Healing of a wound on the palatal oral mucosa after a single local oxygen therapy session


Cinzia Casu , Luca Viganò



The oral cavity may be the target organ for a number of diverse abnormalities that develop from side effects of medications.

Oxygen is an important factor for wound healing and a lot of clinical and experimental studies regarding different oxygen therapies for promoting wound healing are present in the literature. There are essentially 3 type of oxygen therapies : local oxygen therapy, hyperbaric oxygen therapy, and supplemental inspired oxygen therapy. There are many positive outcomes that promote the use of oxygen treatment in the stimulation of wound healing. In the mouth it is used overall hyperbaric oxygen. A recent study demonstrate that there is a positive influence of hyperbaric oxygen on the initial stages of bone healing. We report a case of oral wound healing after a session of local therapy performed with a device that pours a jet of oxygen with the use of a particular syringe (Dreamed Medical Formula, Bologna, Italy).


Case report


A 55 years old female patient went to our private practice for a chemical burn in the hard palate developped after an aerosol therapy, present for 2 weeks without apparent regression. She reported a general good oral health, and she was undergone to aerosol therapy for a pharingeal inflammation. The size of the lesion is about 0,8 cm x 0,4 cm and it was sore (fig. 1). The patient reffered us that she is allergic to many topical medications and so we decided to avoid application of topical gel or ointment and to try to treat the lesion with application of local oxygen al 95% with the medical device first described. The oxygen jet was directed to about 1 cm above the lesion for a period of 2 minutes.he oxygen infusion with a high degree of purity stimulates metabolic activity at the level of the treated tissue. The patient felt relief after a few hours. After 2 days the lesion is almost healed and the patient was free of symptoms (fig 2).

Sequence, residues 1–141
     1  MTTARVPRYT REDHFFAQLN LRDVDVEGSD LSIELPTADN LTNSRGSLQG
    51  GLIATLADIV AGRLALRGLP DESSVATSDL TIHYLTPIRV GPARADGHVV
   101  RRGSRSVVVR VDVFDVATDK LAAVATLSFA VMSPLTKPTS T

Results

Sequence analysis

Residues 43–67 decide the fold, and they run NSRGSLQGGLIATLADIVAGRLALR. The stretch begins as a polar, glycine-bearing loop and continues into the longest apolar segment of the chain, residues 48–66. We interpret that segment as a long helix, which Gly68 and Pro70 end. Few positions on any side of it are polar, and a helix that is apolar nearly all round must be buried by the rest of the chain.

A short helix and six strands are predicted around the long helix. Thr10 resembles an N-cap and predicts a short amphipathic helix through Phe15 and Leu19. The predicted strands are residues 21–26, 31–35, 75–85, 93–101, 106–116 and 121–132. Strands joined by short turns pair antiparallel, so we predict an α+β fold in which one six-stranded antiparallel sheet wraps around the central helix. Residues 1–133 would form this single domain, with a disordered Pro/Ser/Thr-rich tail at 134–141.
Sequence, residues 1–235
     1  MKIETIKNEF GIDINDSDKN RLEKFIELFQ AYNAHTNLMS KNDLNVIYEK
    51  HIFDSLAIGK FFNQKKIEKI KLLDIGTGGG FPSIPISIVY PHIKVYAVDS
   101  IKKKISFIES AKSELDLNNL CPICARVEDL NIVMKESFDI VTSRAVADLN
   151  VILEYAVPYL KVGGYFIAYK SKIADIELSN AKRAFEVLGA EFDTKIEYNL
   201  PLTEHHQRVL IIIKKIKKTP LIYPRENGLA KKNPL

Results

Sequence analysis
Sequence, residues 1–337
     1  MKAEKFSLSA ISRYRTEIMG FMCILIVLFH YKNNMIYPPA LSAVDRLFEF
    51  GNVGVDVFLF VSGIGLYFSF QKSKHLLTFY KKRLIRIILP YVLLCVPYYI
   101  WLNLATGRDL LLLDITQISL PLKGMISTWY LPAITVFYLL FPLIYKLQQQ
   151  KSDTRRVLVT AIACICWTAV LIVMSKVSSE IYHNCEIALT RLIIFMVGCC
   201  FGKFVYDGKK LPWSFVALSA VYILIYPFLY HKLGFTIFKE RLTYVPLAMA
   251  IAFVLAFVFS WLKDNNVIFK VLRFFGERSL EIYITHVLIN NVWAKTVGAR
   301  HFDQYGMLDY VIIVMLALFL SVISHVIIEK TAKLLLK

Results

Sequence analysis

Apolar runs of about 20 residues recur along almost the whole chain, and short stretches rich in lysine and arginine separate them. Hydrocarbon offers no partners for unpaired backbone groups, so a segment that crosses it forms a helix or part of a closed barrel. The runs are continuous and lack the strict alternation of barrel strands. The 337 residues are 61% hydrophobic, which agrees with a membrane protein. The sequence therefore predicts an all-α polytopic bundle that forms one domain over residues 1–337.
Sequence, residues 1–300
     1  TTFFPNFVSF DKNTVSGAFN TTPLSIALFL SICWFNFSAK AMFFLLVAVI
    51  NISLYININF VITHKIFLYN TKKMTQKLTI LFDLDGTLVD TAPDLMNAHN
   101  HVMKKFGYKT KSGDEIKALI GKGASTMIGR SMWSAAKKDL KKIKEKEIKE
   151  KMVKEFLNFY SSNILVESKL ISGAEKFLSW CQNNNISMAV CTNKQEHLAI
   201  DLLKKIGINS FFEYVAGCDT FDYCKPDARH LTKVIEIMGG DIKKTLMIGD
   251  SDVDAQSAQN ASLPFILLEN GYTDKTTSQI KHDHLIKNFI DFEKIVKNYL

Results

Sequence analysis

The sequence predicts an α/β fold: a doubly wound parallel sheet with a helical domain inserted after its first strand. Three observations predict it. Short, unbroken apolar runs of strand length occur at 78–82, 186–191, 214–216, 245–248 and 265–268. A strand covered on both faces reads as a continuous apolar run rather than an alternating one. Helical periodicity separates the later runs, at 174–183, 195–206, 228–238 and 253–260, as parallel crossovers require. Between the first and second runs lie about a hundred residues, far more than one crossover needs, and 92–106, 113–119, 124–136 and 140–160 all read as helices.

Several topical agent are used to accelerate the oral soft tissue wound healing, and also low level laser therapy (LLLT) had shown good results but there are not papers in the scientific literature about its specific use on chemical burns in the mouth. The use of oxygen therapy in the periodontal field has already been studied. In a work authours found that the combination of oxygen therapy and SRP substantially reduced the gram-negative anaerobe loads of the subgingival microflora and the low values of pathogens persisted for at least two months after the therapy. There are no jobs that have tested this type of treatment in the intraoral wound healing. However significant positive outcomes are documented in the literature for the use of local oxygen therapies, the lack of clinical studies and vast methodological diversity made it impossible to perform a proper comparison within and between the different therapies. Further randomized clinical studies are warranted to examine the value of these therapies, especially studies that investigate the more patient-friendly oxygen dressings and topical wound oxygen therapies.




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